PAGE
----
2016-03-01

    Spinning spherical resonators in the torsional vibrational applications could cause a shift in its whispering gallery mode (WGM). The centripetal force acting on the spinning micro sphere resonator will leads to these WGM shifts. An analysis and experiment were carried out in this paper to investigate and demonstrate this effect using different polymeric resonators. In this experiment, centripetal force exerted by the DC-Motor on the sphere induces an elastic deformation of the resonator. This in turn induces a shift in the whispering gallery modes of the sphere resonator. Materials used for the sphere are polydimethylsiloxane (PDMS 60:1 where 60 parts base silicon elastomer to 1 part polymer curing agent by volume) with shear modulus (G≍1kPa), (PDMS 10:1) with shear modulus (G≍300kPa), polymethylmethacrylate (PMMA, G≍2.6×109GPa) and silica (G≍3×1010 GPa). The sphere size was kept constant with 1mm in diameter for all above materials. The optical modes of the sphere exit using a tapered single mode optical fiber that is coupled to a distributed feedback laser. The transmission spectrum through the fiber is monitored to detect WGM shifts. The results showed the resonators with smaller shear modulus G experience larger WGM shift due to the larger mechanical deformation induced by the applied external centripetal force. Also, the results show that angular velocity sensors used in the torsional vibrational applications could be designed using this principle.

  13. Dressed-state resonant coupling between bright and dark spins in diamond.

    Science.gov (United States)

    Belthangady, C; Bar-Gill, N; Pham, L M; Arai, K; Le Sage, D; Cappellaro, P; Walsworth, R L

    2013-04-12

    Under ambient conditions, spin impurities in solid-state systems are found in thermally mixed states and are optically "dark"; i.e., the spin states cannot be optically controlled. Nitrogen-vacancy (NV) centers in diamond are an exception in that the electronic spin states are "bright"; i.e., they can be polarized by optical pumping, coherently manipulated with spin-resonance techniques, and read out optically, all at room temperature. Here we demonstrate a scheme to resonantly couple bright NV electronic spins to dark substitutional-nitrogen (P1) electronic spins by dressing their spin states with oscillating magnetic fields. This resonant coupling mechanism can be used to transfer spin polarization from NV spins to nearby dark spins and could be used to cool a mesoscopic bath of dark spins to near-zero temperature, thus providing a resource for quantum information and sensing, and aiding studies of quantum effects in many-body spin systems. PMID:25167312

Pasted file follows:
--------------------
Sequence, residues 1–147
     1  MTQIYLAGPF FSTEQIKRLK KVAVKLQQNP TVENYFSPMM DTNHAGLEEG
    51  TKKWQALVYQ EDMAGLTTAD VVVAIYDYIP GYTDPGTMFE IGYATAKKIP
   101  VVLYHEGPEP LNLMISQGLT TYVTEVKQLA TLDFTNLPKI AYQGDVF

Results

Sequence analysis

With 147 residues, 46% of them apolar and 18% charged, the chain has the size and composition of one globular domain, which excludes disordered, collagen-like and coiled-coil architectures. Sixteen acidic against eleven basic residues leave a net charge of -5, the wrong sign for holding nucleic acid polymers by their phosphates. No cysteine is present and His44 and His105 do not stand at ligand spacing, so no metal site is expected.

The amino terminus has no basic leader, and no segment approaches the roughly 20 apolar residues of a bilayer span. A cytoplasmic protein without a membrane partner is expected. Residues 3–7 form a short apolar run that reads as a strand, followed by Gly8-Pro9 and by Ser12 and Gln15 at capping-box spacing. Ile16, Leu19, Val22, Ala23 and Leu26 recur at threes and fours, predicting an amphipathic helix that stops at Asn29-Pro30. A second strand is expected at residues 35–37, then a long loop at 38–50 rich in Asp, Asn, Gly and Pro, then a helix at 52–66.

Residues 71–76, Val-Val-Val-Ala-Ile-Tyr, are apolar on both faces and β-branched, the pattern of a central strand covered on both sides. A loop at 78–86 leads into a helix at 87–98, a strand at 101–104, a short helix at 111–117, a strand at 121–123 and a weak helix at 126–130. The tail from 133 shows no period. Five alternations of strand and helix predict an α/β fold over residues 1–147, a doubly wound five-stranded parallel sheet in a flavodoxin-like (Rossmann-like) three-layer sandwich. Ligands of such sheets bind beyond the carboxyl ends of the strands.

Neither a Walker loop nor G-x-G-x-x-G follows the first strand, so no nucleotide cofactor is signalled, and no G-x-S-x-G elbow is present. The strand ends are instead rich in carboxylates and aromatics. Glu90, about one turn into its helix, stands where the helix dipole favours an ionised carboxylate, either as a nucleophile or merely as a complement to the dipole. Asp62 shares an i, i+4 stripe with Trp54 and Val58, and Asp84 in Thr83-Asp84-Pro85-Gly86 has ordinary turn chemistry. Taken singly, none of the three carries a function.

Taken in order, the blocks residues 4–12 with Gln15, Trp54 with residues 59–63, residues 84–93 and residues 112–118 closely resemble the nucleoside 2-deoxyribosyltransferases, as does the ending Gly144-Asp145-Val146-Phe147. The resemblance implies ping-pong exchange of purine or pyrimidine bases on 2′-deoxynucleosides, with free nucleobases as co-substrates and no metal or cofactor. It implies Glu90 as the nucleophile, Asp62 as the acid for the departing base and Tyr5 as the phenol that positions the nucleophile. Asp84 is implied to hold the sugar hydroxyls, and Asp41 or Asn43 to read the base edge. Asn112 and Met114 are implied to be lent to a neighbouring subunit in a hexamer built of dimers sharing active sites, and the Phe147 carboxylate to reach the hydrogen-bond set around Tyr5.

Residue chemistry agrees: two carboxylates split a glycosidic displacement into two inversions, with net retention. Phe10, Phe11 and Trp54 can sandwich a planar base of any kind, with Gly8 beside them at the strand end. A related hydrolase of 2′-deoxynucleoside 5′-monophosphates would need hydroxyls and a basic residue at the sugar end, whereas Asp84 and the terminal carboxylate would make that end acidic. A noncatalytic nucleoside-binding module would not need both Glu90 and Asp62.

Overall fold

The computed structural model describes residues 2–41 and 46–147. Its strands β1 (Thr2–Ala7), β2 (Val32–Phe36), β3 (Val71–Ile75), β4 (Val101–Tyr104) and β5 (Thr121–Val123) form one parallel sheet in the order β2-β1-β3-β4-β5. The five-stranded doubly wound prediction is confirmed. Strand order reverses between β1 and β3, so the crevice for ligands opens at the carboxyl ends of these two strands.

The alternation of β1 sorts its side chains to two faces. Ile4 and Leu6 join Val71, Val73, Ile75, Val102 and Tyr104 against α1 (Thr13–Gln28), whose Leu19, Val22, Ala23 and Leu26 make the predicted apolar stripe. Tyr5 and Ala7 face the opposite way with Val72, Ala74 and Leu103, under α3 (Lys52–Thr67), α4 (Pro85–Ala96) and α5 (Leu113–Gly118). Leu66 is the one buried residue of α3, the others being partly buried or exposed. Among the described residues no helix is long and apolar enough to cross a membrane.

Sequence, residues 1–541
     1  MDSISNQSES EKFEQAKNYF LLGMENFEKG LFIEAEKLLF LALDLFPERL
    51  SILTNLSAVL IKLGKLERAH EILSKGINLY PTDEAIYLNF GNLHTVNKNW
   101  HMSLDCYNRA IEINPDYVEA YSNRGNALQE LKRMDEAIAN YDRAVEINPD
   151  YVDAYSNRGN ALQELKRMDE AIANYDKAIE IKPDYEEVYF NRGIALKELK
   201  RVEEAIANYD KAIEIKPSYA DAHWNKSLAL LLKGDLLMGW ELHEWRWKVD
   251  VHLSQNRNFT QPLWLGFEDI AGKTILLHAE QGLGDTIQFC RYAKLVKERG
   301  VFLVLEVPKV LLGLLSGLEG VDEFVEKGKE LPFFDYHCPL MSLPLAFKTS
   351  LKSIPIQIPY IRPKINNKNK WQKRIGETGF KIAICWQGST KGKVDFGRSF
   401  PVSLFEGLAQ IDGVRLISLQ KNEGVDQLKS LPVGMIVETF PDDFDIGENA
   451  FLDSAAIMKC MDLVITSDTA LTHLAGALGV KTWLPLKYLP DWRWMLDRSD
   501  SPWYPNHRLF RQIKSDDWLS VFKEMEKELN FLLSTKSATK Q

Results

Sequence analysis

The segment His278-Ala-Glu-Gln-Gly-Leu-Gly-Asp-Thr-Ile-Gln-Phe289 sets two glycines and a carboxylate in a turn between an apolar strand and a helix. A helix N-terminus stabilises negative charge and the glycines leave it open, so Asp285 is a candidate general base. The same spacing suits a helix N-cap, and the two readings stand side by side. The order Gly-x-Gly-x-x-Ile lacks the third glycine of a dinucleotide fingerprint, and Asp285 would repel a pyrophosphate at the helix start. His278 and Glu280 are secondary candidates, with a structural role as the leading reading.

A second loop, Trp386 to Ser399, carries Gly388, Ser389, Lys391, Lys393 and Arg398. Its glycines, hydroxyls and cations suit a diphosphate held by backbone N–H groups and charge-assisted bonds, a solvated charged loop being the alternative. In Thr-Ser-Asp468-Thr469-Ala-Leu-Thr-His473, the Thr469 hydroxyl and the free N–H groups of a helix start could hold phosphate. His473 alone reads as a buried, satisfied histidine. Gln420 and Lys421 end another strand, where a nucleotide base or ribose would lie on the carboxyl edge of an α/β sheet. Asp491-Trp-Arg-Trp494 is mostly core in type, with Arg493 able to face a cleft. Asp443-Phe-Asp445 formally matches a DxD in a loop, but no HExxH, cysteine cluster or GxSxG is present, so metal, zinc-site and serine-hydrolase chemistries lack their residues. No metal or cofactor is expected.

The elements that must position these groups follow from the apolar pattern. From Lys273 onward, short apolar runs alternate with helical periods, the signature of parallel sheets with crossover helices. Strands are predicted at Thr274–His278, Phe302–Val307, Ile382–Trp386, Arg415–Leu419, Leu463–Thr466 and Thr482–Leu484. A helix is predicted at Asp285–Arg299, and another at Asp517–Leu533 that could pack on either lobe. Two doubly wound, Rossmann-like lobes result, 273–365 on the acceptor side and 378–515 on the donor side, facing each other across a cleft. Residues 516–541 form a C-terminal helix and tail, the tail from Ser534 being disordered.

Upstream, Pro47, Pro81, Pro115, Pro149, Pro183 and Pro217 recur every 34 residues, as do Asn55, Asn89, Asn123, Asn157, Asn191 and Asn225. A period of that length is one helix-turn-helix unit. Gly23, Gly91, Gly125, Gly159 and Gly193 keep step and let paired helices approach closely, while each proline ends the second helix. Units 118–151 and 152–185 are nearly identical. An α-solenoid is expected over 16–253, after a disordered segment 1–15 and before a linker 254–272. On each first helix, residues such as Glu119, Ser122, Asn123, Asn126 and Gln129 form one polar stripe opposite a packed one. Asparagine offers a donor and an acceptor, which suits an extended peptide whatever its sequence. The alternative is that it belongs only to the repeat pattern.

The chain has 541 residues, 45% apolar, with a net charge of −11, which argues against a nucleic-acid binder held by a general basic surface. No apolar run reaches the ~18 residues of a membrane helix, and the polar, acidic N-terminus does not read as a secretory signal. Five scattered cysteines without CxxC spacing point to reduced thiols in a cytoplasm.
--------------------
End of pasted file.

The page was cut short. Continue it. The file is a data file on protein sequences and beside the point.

14. Bodily tides near spin-orbit resonances

    CERN Document Server

    Efroimsky, Michael

    2011-01-01

    In the astronomical literature, spin-orbit coupling is described in two approaches, both of which were pioneered in the seminal paper by Goldreich and Peale (1966). The "MacDonald torque", based on a tidal theory of Gerstenkorn (1955) and MacDonald (1964), has long become the textbook standard (Kaula 1968, Murray and Dermott 1999) due to its apparent simplicity. The "Darwin torque" rests on a more fundamental theory by Darwin (1879, 1880) and Kaula (1964). While their theory is general enough to accommodate an arbitrary frequency-dependence of Q, this advantage has not yet been exploited in the literature, where Q is either assumed constant or set to scale as inverse tidal frequency, the latter assertion making the Darwin torque equivalent to a corrected version of the MacDonald torque. However neither a constant Q nor an inverse-frequency Q reflect the properties of realistic mantles and crusts, because the actual frequency-dependence of the quality factor is complex. Hence the necessity to enrich the Darwin...

  15. RESPECT: Neutron Resonance Spin-Echo Spectrometer for Extreme Studies

    CERN Document Server

    Georgii, Robert; Pfleiderer, Christian; Böni, Peter

    2016-01-01

    We propose the design of a Resonance SPin-echo spECtrometer for exTreme studies, RESPECT, that is ideally suited for the exploration of non-dispersive processes such as diffusion, crystallization, slow dynamics, tunneling processes, crystal electric field excitations, and spin fluctuations. It is a variant of the conventional neutron spin-echo technique (NSE) by i) replacing the long precession coils by pairs of longitudinal neutron spin-echo coils combined with RF-spin flippers and ii) by stabilizing the neutron polarization with small longitudinal guide fields that can in addition be used as field subtraction coils thus allowing to adjust the field integrals over a range of 8 orders of magnitude. Therefore, the dynamic range of RESPECT can in principle be varied over 8 orders of magnitude in time, if neutrons with the required energy are made available. Similarly as for existing NSE-spectrometers, spin echo times of up to approximately 1 microsecond can be reached if the divergence and the correction elemen...